Travel back in time with me to 2006.
It doesn’t sound like a long time ago, except when I tell you I’m talking about internet time. Facebook was in its infancy. Twitter was just getting started. Phones were starting to allow for text messages, but they didn’t make writing them easy.
In short, daily life was different enough from today that if you see a movie from 2006, you’ll laugh at the size of the phones/laptops/any other advanced technology.
My first blog was on Blogspot, and it was little more than a diary. In fact, I found it a few years ago, and spent a few hours reading everything before deleting it altogether.
I wasn’t focused on page views. Heck, I wasn’t even focused on telling a story through my blog posts. My friends each had a private blog on Blogspot too, and we exchanged “stories” about how we liked iced tea and seltzer.
Remember those survey things we used to share via email?
That’s what my original blog was.
I had a theme from TheCutestBlogontheBlock or something like that. It was pinstripes.
I called it “Deep Thoughts, by Kathleen” and it later morphed into “Musings von KOPrime” and it was pure drivel.
Some posts had 30 words. Some had 1000. Most posts didn’t have a point, but some had many points, helpfully listed bullet-point style.
I loved writing, and I loved reading what my friends were writing.
I never once thought I’d turn that into a career, but then again, I didn’t think there was money in telling my friends I ate gummy bears or walked three miles. Seriously, why did I think anyone cared?
I wasn’t even the best writer among my five friends who also had Blogspot blogs.
At some point, the blog tapered off, and I stopped writing.
But other people didn’t stop, and blogging became more and more popular. I read blogs religiously, but never connected the dots between my original blog and what I was reading.
Then, I got myself into debt.
Mountains of debt. I wrote a check off a credit card that gave me far too high of a spending limit and that check was turned into an investment that (surprise surprise) never amounted to anything.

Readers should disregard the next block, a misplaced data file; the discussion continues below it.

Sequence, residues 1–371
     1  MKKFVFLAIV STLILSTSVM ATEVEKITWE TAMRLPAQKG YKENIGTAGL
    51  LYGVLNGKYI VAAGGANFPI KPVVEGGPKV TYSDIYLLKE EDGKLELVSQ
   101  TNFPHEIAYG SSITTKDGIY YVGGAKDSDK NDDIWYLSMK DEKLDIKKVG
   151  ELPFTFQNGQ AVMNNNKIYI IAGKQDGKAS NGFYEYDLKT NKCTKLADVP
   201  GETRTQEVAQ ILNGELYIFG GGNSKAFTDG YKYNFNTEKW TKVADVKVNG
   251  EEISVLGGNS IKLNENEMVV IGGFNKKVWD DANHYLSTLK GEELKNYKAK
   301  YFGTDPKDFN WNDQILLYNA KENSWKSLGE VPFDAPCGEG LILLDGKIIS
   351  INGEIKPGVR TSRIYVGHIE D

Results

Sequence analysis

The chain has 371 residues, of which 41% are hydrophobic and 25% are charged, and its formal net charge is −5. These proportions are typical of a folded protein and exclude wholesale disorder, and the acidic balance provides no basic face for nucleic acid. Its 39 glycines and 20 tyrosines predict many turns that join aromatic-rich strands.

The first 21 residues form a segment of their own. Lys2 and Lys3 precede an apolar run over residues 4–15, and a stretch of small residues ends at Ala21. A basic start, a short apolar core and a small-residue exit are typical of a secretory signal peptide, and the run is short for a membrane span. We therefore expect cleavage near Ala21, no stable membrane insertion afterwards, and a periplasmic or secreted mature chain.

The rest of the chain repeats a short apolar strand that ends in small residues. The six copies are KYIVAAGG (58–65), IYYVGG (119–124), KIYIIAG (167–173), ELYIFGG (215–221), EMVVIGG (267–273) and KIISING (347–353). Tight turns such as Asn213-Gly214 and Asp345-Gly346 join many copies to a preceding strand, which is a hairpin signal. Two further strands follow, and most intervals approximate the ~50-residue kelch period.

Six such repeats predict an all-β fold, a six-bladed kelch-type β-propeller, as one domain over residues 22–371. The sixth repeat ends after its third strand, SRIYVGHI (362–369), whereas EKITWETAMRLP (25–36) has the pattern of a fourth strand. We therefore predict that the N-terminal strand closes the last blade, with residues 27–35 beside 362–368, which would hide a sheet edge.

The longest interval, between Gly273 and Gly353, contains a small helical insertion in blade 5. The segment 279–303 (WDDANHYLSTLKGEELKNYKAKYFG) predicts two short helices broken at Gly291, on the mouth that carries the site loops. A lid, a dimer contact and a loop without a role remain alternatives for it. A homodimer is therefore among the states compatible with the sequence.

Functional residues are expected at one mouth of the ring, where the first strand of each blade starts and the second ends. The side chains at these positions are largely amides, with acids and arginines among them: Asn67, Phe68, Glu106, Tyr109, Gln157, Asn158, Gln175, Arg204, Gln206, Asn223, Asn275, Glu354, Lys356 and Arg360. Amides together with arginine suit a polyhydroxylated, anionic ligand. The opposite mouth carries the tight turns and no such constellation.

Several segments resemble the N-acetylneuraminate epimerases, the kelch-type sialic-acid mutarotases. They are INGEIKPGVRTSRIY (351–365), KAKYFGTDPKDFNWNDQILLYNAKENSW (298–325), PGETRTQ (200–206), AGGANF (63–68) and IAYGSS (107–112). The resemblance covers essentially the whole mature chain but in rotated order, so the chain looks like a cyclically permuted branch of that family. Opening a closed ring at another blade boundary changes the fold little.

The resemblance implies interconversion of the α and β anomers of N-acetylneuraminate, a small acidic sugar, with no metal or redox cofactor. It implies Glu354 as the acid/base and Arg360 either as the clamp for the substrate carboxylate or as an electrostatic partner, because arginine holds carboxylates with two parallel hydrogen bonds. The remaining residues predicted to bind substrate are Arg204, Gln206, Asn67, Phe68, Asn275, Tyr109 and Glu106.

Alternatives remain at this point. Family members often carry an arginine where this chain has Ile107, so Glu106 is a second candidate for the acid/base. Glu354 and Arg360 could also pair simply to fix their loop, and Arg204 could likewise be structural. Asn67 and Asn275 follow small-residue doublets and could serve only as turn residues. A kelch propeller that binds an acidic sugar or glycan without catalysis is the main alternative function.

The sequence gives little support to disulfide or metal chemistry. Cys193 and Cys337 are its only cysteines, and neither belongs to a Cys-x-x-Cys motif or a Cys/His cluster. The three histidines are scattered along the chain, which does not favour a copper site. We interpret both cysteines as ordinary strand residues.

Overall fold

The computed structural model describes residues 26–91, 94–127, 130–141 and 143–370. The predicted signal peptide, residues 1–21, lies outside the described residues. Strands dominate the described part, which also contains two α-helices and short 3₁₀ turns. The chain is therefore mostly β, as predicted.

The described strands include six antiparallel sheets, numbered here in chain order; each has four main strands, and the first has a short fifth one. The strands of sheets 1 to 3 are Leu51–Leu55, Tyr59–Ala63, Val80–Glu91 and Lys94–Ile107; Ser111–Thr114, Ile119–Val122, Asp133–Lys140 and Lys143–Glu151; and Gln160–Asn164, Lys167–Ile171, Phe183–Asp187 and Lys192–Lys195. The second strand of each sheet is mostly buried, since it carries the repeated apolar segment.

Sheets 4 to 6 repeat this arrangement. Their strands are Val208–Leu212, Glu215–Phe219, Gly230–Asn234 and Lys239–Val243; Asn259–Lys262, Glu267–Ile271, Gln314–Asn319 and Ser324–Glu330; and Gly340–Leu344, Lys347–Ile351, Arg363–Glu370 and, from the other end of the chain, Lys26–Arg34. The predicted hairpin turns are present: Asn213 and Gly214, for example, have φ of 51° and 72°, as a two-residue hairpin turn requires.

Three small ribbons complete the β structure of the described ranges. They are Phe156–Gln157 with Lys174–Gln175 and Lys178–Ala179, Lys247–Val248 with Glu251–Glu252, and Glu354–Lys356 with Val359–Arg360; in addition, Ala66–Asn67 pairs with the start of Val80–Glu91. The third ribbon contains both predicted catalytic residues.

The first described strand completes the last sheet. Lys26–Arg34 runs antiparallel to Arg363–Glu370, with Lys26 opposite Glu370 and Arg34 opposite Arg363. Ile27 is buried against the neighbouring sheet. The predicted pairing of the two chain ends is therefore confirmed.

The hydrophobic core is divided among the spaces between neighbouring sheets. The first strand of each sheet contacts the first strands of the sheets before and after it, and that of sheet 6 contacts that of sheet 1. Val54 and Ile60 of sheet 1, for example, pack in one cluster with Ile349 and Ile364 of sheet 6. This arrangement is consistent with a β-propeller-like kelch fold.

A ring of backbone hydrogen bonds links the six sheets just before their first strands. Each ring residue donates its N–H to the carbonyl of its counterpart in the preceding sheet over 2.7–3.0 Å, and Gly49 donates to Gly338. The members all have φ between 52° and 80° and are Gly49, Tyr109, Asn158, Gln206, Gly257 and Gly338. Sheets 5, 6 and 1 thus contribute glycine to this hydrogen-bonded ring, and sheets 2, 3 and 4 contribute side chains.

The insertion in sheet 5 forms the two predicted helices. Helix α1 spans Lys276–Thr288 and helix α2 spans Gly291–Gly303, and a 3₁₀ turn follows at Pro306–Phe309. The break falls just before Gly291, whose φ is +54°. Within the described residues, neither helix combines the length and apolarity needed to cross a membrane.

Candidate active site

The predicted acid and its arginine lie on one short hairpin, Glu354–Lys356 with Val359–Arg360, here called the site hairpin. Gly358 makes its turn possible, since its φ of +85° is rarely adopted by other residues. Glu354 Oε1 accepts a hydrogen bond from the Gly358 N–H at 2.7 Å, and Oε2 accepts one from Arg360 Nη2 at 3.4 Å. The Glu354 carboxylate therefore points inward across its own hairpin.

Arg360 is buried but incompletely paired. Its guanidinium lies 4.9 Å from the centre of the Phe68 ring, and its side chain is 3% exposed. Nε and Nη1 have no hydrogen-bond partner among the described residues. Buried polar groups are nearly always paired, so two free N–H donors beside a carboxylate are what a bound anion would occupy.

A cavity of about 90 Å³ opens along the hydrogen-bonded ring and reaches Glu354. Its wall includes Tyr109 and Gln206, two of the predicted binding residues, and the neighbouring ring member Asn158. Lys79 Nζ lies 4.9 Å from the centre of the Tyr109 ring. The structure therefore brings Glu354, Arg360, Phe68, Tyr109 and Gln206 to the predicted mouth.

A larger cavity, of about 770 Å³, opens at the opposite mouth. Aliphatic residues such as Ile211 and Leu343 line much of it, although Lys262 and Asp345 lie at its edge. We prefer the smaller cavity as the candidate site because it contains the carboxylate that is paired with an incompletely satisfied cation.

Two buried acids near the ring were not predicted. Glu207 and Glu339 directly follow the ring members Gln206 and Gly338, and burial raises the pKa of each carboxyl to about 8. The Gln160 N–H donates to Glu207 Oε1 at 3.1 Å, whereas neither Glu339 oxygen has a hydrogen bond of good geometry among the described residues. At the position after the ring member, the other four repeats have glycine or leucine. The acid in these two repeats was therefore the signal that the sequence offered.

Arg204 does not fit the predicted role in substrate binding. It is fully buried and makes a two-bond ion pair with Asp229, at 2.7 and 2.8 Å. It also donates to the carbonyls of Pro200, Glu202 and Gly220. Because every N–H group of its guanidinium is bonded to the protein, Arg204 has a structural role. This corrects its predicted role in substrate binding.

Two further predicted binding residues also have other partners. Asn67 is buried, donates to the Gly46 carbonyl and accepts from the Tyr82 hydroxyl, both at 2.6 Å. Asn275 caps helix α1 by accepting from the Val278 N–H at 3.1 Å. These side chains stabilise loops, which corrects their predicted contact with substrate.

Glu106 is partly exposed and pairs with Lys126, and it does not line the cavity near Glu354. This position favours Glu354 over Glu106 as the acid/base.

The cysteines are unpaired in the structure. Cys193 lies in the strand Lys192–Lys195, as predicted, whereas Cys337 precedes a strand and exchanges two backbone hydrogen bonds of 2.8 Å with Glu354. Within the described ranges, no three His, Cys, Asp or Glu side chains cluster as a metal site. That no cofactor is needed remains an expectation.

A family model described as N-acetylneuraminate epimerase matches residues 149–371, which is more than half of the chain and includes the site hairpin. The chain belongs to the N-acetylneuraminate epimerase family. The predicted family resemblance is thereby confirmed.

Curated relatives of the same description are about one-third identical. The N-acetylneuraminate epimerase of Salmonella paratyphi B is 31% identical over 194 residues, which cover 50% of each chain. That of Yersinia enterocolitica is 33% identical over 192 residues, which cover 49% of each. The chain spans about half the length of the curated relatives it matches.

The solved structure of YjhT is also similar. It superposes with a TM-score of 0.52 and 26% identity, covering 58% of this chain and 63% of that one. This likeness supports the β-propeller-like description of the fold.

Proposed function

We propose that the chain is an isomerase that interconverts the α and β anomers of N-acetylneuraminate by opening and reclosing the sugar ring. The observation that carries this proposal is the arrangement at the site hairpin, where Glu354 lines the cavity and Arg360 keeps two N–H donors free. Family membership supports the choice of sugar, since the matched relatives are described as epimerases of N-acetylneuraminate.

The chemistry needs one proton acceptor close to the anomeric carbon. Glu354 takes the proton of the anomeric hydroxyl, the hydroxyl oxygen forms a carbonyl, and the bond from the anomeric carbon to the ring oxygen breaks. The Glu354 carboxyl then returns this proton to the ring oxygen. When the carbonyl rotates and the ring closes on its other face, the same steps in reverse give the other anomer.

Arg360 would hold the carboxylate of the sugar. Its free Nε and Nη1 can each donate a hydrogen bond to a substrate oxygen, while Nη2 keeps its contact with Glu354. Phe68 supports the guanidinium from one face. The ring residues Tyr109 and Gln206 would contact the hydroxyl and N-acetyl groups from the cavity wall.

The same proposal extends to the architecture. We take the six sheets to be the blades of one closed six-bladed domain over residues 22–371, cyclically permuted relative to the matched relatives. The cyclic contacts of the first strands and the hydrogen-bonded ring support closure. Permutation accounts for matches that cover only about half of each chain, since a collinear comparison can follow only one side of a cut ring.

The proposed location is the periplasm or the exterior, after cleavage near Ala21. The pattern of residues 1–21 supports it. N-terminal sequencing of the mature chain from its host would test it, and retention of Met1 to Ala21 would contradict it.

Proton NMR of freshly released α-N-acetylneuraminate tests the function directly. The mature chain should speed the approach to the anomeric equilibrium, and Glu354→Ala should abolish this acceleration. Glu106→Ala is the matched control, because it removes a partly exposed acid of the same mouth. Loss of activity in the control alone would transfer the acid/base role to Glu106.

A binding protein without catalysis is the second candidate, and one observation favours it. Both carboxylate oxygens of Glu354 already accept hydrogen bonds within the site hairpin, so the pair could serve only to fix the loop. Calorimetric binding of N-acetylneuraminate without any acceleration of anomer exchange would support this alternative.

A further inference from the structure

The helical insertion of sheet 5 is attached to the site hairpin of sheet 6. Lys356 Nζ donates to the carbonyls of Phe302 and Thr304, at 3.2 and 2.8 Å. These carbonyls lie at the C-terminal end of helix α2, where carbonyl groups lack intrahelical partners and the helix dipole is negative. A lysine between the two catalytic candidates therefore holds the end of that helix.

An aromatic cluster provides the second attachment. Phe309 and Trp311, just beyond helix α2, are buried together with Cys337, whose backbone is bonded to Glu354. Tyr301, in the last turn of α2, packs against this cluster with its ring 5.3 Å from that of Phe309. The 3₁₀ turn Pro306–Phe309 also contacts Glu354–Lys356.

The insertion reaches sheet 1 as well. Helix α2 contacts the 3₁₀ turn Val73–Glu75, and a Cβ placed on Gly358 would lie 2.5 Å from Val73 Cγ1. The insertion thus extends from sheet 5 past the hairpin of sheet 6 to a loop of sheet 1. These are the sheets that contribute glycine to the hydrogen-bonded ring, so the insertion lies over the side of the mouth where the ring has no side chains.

Aside: My actions were stupid because the investment didn’t pay off. If for some reason the money I invested actually did help someone to get his intellectual property back, and if for some other reason (altruism, perhaps? We didn’t have anything in writing!) the person paid back my investment the 10X he said he would, I would be seen as brilliant. Hindsight, man.
Anyway, I ignored my debt as long as I could, and by 2009, I had finally landed a full-time job (no vacation, no benefits, but full-time hours and pay!) so I felt safe to start my spreadsheet.
The debt was so staggering (I wish I had a better record-keeping system, because it was more than $25,000 but I don’t know how much more) that I hardly knew where to start.
So I started reading personal finance blogs, which gave me great ideas to get started, then also started writing about how to make money from blogging, and those topics combined to give me the confidence I needed to register FrugalPortland.com (which is now a travel site!).
At first, Frugal Portland wasn’t all that different from Musings von Koprime (and yes, in case you’re wondering, it’s impossible not to roll one’s eyes after writing those three words).
“Dear diary, today I have less debt than I did yesterday.”
“Dear diary, I didn’t go out for lunch today so I added $5 to my debt payoff.”
“Dear diary, I think I’m going to use the debt snowball method.”
And on and on.
I made friends with other people in my situation, and they were writing diary entries, too.
We’d send virtual cheers to each other on Twitter. We’d comment on each other’s blogs. More and more, I was starting to realize that I was not alone.
Then, I went to FinCon, the financial blogger’s conference, and everything changed.
My internet friends were real people (who were friendly and not at all “person from a Craigslist personal ad” sketchy). Some of them were making a lot of money doing what I was doing (albeit with a better storytelling style).
It was fun.
I look back on those days fondly, though I’m talking about less than four years ago.
When we were new, we were vulnerable.
We told stories.
Some were quite stupid, and some were raw.
We helped each other through breakups.
We helped each other make more money. “Hey, this advertiser paid me x dollars and the ad wasn’t half bad. You should email him!”
There was a sense of togetherness that came from not knowing what we were doing.
Now, hardly any of my friends are writing personal stories. Cait Flanders is the exception. Her writing is as personal and raw as it has always been, but her five years of consistent writing has sharpened her saw and made her a better writer.
I miss personal blogging.
I miss coming in and writing whatever I feel like. Even though I write every day, it’s not the same as it was.
So, I’m bringing it back. Embarrassingly, I’m going to do it here, so I won’t be able to hide. I’m not going to select a keyword, I’m not going to optimize for social, and the only things I’ll write are whatever I feel like writing on a particular day.
I thought about using Medium, and I still might, one day.
But today, it’ll live here.
If you’re reading this, I’m simultaneously grateful and apologetic.
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